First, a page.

Cannibalism is one of the oldest and most emotionally charged topics in anthropological literature. Tim White’s analysis of human bones from an Anasazi pueblo in southwestern Colorado, site 5MTUMR-2346, reveals that nearly thirty men, women, and children were butchered and cooked there around A.D. 1100. Their bones were fractured for marrow, and the remains discarded in several rooms of the pueblo. By comparing the human skeletal remains with those of animals used for food at other sites, the author analyzes evidence for skinning, dismembering, cooking, and fracturing to infer that cannibalism took place at Mancos. As White evaluates claims for cannibalism in ethnographic and archaeological contexts worldwide, he describes how cultural biases can often distort the interpretation of scientific data. This book applies and introduces anatomical, taphonomic, zooarchaeological, and forensic methods in the investigation of prehistoric human behavior. It is an important example of how we can exchange opinion for knowledge. “Cannibalism is a controversial topic because many people do not want to believe that their prehistoric ancestors engaged in such activity, but they will be hard put to reject this meticulous study.” — Kent V. Flannery, University of Michigan “This is the best piece of detailed research yet to appear that seeks to put in place a body of justified knowledge and a procedure for its use in making inferences about the past. No student of bones can ignore this work.” — Lewis R. Binford, University of New Mexico “This could be one of the most important books in archaeology written in the last decade.” — James F. O’Connell, University of Utah “Paleontologists and zooarchaeologists, archaeologists and physical anthropologists, taphonomists, and forensic scientists should all read this work. Quite frankly, I think this will become one of the most important books of the 1990s…” — R. Lee Lyman, University of Missouri-Columbia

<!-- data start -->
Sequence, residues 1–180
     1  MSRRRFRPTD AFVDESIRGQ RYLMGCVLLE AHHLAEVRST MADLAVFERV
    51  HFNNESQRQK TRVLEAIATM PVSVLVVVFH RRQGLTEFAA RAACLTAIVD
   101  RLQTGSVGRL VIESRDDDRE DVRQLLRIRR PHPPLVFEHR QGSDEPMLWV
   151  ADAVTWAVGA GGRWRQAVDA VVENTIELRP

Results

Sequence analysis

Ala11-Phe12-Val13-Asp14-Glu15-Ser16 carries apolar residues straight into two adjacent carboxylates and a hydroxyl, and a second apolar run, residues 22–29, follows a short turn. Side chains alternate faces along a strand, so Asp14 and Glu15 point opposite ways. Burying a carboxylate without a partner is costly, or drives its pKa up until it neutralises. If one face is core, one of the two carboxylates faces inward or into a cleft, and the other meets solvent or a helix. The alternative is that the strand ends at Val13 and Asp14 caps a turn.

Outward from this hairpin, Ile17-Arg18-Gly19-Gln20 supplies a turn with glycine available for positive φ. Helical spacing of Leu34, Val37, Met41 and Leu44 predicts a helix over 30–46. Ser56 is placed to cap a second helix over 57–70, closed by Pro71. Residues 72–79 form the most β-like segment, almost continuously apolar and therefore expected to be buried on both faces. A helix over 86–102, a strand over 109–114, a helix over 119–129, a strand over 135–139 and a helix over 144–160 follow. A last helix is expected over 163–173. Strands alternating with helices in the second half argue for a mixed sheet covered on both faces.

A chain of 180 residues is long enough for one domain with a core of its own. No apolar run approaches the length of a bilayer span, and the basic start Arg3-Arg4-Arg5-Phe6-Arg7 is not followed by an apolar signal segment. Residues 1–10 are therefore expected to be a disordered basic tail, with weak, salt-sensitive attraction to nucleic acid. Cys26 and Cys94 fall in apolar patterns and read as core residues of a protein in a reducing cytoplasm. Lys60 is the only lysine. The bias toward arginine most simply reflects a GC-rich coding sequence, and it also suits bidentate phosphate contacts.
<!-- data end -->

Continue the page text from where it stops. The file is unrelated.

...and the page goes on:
Originally published in 1992.
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